Most Marylanders will see their flush tax bill double from $30 to $60 beginning July 1, but the Chesapeake Bay Restoration Fund will remain vulnerable to raids that have climbed to $290 million since 2010.
The Senate approved the fee increase in 28-18 vote late Saturday, with an amendment that exempts residents far western Maryland and the Ocean City area that are not part of the Chesapeake Bay drainage area.
As the lid closes on the 2012 legislative session, lawmakers will likely double the flush tax from $30 to $60 to cover a projected $385 million shortfall in the Bay Restoration Fund, but some lawmakers say the tax hike aims to cover repeated raids on the fund that triggered a downgrade by Moody’s Investor Service 14 months ago.
Joel McCord of WYPR, Len Lazarick of MarylandReporter.com and Bryan Sears of Patch.com discuss the prospects for Gov. Martin O’Malley’s ambitious legislative program — same-sex marriage, gas tax, income tax, flush tax, Internet tax
Many homes on public water and sewer in Maryland could see their flush tax triple to over $100 a year for the Bay Restoration Fund — much higher than homes on septic systems, which would see the fee double to a $60 cap under Gov. Martin O’Malley’s proposed consumption-based tax.
Environment Secretary Robert Summers told Eastern Shore lawmakers the Bay Restoration Fund needs an additional $385 million to upgrade 67 sewage treatment plants in Maryland and echoed Gov. Martin O’Malley’s call to double the flush tax to $60 a year.
A new poll found that 62% of rural respondents favored tighter regulations on septic systems, and 57% favored “limiting the number of septic systems in rural areas. ”The poll of 801 registered voters by Opinion Works in mid-December found statewide support was 72% for tighter septic regulations, and 69% for limiting the number septic systems in the state.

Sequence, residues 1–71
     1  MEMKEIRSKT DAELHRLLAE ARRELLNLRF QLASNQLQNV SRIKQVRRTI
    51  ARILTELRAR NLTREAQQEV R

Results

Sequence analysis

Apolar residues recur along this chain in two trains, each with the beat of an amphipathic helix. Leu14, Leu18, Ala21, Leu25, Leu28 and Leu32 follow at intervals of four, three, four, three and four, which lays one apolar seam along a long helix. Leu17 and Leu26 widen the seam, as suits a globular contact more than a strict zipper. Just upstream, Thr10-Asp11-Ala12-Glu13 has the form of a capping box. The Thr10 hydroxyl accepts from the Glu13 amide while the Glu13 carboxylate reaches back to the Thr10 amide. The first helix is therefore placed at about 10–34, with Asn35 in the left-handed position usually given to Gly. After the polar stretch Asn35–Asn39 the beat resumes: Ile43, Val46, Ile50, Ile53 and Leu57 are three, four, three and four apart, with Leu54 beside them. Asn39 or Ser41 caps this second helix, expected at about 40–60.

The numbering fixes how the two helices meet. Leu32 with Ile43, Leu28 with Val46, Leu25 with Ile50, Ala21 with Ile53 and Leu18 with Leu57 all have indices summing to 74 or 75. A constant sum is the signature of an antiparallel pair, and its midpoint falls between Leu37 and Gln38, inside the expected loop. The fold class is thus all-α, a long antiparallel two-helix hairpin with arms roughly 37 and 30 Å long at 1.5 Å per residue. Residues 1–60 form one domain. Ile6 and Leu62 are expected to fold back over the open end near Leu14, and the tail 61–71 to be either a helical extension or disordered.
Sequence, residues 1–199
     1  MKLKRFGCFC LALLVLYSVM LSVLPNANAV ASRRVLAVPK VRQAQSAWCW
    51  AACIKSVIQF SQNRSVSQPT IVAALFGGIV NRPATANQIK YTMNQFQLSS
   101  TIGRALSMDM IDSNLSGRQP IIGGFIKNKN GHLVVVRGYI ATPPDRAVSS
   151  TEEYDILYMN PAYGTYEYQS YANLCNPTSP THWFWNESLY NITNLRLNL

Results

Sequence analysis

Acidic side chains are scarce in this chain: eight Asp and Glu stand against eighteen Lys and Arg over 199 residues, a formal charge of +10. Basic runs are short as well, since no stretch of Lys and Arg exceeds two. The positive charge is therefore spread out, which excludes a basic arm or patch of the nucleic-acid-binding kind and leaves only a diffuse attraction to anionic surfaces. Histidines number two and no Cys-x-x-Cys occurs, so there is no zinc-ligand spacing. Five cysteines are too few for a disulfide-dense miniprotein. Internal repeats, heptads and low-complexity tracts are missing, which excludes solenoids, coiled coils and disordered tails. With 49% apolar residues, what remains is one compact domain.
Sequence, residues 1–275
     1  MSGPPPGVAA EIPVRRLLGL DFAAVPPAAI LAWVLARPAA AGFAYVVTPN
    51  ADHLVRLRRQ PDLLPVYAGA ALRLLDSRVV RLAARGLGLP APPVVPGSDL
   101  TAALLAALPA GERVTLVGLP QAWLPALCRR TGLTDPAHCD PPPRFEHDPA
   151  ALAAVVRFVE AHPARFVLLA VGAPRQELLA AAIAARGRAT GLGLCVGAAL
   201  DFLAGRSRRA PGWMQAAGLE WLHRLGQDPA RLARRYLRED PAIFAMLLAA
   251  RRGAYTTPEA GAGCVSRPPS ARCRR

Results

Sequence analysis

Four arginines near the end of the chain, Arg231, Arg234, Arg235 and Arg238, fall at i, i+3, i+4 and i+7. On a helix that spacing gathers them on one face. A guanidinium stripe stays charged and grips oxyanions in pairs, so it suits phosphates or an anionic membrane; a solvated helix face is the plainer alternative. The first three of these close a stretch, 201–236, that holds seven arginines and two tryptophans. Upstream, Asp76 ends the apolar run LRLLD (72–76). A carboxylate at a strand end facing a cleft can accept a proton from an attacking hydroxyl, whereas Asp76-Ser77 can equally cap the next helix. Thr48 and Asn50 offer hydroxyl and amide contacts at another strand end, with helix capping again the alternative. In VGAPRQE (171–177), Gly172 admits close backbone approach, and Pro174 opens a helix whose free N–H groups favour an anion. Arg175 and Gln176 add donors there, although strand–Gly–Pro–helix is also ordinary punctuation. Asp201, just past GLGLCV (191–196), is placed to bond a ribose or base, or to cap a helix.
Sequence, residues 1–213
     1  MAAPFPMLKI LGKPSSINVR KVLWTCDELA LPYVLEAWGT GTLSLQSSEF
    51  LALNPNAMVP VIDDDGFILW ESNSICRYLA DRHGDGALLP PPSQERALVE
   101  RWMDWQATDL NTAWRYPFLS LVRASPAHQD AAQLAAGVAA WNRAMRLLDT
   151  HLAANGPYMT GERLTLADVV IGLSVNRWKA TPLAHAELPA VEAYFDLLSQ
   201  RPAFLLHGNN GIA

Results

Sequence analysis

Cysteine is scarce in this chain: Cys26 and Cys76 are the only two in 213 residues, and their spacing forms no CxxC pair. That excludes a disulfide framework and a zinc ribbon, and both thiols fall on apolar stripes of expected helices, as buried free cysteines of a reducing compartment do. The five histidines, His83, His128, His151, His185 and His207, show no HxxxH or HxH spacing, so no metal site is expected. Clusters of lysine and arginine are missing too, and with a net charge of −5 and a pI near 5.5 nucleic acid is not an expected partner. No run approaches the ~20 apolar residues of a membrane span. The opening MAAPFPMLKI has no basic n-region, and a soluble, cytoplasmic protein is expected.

About 450,000 Maryland households that earn more than $100,000 per year will see their state and local income taxes go up next year if the legislature approves Gov. Martin O’Malley’s budget proposal. In order to balance an overall $35.8 billion state budget – a 3% increase over last year – O’Malley is asking to cap tax deductions and phase out exemptions for high earners. O’Malley said the average family of four making $150,000 a year would pay $191 more in state and local income taxes.
Doubling the flush tax to $60 a year is one of the revenue increases Gov. Martin O’Malley proposed Wednesday in his fiscal 2013 budget. Revenue from the tax goes into the Chesapeake Bay Restoration Fund to upgrade sewage treatment plants. Money from septic system users is also used to upgrade some of those systems and pay for cover crops. The new money is needed because the upgrades have cost more than originally estimated.